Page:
Do not make the mistake of thinking that Gary Player has retired. He is the least retired person I have ever met. He is 81 years old but he is the least octogenarian octogenarian I have ever met, too. And if you thought he had stopped competing, well, wrong again.
The man is a more ferocious competitor now than he ever was when he was becoming one of only five golfers in the history of the sport to have won each of the four Major tournaments. His foe is age and he is winning the battle against it hands down.
As he sits in the lounge of the palatial house he is renting for the week in the hills above Augusta, the South African talks of Arnold Palmer, his great friend and rival, who died last year and whose memory has been honoured with much fondness and emotion at this year’s US Masters.
It is one of only two moments during the evening when the concept of mortality sneaks across the threshold. He and Jack Nicklaus are what remain of the Big Three but Player has no time for morbidity.
He is possessed by the fight against the body’s decay. We are deep into Peter Pan territory here and he talks about it with an evangelistic zeal. When his guests arrive for dinner and sit down at the long, rectangular table, they joke about his secrets of eternal youth.
They mention a recent cartoon in a magazine that depicts Player, Tiger Woods and Phil Mickelson as the honorary starters at the US Masters in 2037. Player sits at the head of the table, dressed, of course, from head to toe in black, and roars with laughter.
‘Before you got here tonight,’ he says, ‘I was on the floor there, push-ups, jump-ups, all my exercises, planks, because I didn’t go to the gym today. Man, I’m 81 and I mean I can beat most 30-year-olds in the gym.’
The aphorism “the harder I practise, the luckier I get” has long been attributed to Player and his dedication to the task — any task — is still exhausting. He is not a modest man but that does not stop him being fine company. He has that gift, bestowed upon a few, of making self-aggrandisement entertaining.
Player says he has hit more golf balls than any other human being. He says he has flown more miles than any man on earth. ‘Unquestionably,’ he says, when his claim is queried. He has been travelling by air for 64 years, he says.
He says he’s earning more money now than he did when he was in his playing prime. He also “raises fortunes” for under-privileged children.
In Masters week, he entertains at his rented home. Relentlessly. Friends, family, clients and journalists come to his table. Tonight, his guests include prominent South African judge Dikgang Moseneke, entrepreneur Jabulane Mabuza and his old friend, former IMG boss Alastair Johnston. Player still networks like he’s a kid on the rise.
Earlier in the evening, before his guests arrive, Player sits in an office at the house and talks about a trip to India many years ago and a meeting with a man famous for his study of ageing. ‘He was in his 90s and he was like a piece of steel,’ Player says. He thumps himself hard on his chest with his fist to emphasise the point. He says it again with fierce reverence. ‘Like a piece of steel.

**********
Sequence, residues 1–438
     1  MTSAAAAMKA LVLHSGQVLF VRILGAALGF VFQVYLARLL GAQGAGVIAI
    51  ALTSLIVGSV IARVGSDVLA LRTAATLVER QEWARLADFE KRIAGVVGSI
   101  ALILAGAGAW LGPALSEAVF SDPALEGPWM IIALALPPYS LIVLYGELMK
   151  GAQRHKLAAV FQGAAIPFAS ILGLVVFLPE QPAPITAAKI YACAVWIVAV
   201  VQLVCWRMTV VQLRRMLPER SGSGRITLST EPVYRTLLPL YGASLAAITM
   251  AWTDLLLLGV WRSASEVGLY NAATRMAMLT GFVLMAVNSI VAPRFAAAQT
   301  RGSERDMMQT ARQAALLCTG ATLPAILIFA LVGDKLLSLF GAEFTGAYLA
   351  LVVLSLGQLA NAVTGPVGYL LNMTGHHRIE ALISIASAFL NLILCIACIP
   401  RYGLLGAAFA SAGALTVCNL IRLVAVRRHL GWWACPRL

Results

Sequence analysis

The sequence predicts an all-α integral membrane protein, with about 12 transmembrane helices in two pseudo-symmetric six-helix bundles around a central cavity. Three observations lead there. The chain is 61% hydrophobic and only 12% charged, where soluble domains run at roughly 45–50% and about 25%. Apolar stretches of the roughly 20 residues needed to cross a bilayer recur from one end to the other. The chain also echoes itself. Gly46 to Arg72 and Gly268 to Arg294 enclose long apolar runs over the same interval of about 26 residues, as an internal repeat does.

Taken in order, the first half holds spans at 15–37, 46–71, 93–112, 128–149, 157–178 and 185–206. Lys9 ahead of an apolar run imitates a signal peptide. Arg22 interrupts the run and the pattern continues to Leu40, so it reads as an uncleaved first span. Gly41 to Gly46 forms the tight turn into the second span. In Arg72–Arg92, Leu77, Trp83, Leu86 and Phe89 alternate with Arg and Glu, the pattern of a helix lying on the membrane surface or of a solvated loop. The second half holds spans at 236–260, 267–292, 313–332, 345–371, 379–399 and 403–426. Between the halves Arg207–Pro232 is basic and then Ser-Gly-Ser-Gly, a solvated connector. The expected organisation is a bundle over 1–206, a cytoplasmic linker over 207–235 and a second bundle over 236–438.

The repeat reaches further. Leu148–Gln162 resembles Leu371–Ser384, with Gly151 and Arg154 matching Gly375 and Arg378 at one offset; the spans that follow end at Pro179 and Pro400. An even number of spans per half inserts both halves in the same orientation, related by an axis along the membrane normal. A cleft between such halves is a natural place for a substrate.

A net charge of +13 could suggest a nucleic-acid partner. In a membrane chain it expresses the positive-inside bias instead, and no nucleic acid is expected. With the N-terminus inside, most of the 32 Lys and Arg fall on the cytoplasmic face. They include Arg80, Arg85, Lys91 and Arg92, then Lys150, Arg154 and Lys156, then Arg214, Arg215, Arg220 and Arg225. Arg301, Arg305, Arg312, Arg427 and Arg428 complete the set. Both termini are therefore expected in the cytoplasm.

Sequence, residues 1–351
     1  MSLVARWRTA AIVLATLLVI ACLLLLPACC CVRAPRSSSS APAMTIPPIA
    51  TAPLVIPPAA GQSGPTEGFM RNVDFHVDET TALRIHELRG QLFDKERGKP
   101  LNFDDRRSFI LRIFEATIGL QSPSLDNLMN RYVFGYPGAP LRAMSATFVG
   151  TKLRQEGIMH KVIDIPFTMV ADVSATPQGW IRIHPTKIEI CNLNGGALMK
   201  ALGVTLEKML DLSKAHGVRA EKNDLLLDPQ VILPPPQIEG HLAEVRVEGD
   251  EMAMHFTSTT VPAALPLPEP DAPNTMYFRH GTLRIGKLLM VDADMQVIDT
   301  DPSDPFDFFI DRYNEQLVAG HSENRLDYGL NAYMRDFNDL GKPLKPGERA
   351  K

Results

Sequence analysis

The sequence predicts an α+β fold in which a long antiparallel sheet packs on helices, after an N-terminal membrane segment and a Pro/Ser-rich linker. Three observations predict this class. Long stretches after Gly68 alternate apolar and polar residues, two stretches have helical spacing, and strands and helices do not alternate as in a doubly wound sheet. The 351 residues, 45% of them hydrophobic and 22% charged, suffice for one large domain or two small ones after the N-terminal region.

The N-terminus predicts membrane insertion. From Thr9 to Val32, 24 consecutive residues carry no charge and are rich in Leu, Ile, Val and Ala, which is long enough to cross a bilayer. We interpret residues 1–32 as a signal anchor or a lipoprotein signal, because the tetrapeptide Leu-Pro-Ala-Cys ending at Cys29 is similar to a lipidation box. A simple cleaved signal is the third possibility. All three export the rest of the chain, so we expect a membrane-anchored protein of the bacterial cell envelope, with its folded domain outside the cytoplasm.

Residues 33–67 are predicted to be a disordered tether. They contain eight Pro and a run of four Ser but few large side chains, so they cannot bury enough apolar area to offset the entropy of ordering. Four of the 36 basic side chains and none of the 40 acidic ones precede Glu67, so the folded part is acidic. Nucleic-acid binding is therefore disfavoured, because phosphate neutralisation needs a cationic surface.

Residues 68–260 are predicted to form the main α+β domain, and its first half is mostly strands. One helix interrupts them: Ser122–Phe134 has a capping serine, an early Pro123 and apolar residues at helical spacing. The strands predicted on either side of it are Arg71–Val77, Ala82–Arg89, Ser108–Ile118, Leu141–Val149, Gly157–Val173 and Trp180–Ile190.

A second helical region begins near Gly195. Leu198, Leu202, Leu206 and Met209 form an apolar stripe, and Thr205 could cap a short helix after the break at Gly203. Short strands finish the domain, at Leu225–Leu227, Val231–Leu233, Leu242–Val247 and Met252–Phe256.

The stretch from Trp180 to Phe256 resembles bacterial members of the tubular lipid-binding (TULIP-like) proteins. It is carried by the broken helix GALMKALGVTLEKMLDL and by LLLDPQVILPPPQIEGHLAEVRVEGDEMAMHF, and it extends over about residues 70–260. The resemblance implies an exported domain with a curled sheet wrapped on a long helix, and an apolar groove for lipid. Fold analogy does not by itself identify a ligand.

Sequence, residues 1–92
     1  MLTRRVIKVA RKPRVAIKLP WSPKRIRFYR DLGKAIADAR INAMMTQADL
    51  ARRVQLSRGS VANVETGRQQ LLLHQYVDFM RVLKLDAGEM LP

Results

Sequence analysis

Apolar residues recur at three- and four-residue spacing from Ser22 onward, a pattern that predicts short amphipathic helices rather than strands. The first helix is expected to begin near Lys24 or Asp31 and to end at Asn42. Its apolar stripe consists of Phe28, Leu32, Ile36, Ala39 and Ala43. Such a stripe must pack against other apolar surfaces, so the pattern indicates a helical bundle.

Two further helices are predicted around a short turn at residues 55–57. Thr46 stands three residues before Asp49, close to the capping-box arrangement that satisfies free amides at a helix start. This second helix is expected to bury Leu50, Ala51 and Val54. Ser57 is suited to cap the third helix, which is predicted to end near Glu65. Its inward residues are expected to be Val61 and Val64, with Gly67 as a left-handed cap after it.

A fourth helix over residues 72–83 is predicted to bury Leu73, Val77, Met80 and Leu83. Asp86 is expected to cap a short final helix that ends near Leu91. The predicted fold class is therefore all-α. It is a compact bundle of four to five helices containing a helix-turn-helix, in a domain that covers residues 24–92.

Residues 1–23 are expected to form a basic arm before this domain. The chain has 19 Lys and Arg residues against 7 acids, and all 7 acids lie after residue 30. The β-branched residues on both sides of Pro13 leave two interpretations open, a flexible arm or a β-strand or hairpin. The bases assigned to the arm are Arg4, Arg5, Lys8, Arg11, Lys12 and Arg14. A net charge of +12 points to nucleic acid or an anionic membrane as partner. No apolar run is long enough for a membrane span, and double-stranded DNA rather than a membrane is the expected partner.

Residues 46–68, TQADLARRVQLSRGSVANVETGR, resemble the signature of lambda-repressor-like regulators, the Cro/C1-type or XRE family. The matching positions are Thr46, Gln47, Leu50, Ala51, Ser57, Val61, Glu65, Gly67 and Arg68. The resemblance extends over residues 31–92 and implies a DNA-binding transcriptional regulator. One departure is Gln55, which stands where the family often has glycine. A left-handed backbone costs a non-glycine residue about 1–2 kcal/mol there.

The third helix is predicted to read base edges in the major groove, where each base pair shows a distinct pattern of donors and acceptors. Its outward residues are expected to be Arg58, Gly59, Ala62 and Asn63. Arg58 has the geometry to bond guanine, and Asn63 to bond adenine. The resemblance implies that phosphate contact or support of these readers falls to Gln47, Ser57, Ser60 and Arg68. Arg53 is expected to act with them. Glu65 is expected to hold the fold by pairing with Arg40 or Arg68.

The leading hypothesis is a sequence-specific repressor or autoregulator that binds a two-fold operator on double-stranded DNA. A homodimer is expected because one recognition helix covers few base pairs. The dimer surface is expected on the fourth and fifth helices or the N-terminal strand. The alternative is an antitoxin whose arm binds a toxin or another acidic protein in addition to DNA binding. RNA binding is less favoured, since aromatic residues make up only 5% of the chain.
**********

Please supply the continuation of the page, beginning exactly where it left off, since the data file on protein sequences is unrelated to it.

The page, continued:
‘He was a gerontologist and I’ve always been very interested in that. He said to me: “The most important thing: the less you eat, the longer you live. You do not put petrol in your car when you park it in the garage at night.” Eat breakfast like a king, lunch like a prince and dinner like a pauper. At least two nights a week, I have no dinner.
‘On my farm in the Cape in South Africa, I eat all my own vegetables, all my own meat, all my own chickens. Two nights a week, I might have nothing and the rest, it fits in the palm of my hand. I don’t believe in all these fancy diets. They are all trying to make money.
‘My green juice is imperative. You’ve got to get one of these Bullets. If I don’t have my green juice, my tummy works at 60 per cent. When I am on my farm my tummy works at 110 per cent because I am having my green juice every day. Green juice is one of the great secrets.’
Player carries you along like a raging river. He still likes talking about golf and his great battles with Nicklaus and Palmer when they formed the golden triumvirate, which took golf to new heights of popularity in the 1960s and 1970s.
But it is fitness and the quest for health that obsess him now.
‘At 81, when people see me,’ he says, ‘I hope they are going to say: “Here is a man that works out and is trying to set an example to the youth of the world about the importance of looking after your body and being fit and being able to contribute to your country” because without health, you are doomed.
‘You have got to exercise. You have to keep moving. Your body and your mind. I keep my mind exercised. I read.
‘I strive for a good command of the English language because athletes are renowned as poor speakers. It makes me money because I am asked to speak about various subjects. Not that I am great but I am better than 99.9 per cent of athletes.’
Player makes few concessions to age. In fact, he does not make any. Perhaps some of his love for life comes from the fact that his mother died when he was eight. Perhaps some of it comes from the fact that his father worked down a gold mine for 40 years. ‘That damn dungeon,’ Player calls it. He has always walked in the light.
‘You tell me how many people, at 81, work like I do,’ he says. ‘Almost every day of the year at 81, applying myself in the gym, farming. Look at my hands here, man. Look at this scar. I just got rid of the scab. I have been working on the farm, shovelling manure, carrying stuff, driving tractors.
‘My black staff can’t believe me that I am 81 and I am still doing this with them. They call me Baba, which is a respectful word in Zulu. I am designing golf courses. I am representing Berenberg Bank, SAP, Rolex, doing outings, raising fortunes of money for under-privileged children, still playing some tournaments and doing very well.